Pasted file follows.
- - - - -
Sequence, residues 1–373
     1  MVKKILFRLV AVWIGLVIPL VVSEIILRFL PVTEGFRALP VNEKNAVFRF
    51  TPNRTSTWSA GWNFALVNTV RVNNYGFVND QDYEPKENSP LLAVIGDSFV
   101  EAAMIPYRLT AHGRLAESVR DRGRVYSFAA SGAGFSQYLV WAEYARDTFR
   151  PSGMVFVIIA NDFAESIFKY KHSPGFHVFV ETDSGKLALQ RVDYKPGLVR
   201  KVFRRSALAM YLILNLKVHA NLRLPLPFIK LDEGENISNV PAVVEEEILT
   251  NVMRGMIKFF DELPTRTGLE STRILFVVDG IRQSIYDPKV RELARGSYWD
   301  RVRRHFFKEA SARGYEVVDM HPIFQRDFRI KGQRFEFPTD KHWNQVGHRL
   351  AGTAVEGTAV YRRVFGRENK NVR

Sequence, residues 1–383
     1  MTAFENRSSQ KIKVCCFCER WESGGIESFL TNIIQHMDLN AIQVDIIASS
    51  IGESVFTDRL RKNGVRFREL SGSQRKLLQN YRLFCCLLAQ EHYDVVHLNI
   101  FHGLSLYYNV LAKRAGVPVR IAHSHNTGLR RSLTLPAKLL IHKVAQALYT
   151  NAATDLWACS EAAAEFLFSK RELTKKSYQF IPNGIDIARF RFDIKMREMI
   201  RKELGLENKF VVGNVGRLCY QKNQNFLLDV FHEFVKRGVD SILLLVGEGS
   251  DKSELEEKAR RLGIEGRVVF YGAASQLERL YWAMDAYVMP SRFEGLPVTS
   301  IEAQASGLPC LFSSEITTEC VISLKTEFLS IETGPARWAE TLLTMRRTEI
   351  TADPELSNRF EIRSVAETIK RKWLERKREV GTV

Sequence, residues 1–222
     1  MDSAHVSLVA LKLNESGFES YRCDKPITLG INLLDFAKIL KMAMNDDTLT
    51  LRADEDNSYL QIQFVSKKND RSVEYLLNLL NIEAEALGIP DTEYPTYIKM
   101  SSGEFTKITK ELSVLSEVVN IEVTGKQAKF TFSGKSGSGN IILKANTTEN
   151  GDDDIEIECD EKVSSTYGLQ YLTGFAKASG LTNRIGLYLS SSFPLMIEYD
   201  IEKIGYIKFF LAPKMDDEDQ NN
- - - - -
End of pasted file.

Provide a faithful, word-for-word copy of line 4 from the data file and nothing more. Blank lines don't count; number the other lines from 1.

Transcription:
   101  EAAMIPYRLT AHGRLAESVR DRGRVYSFAA SGAGFSQYLV WAEYARDTFR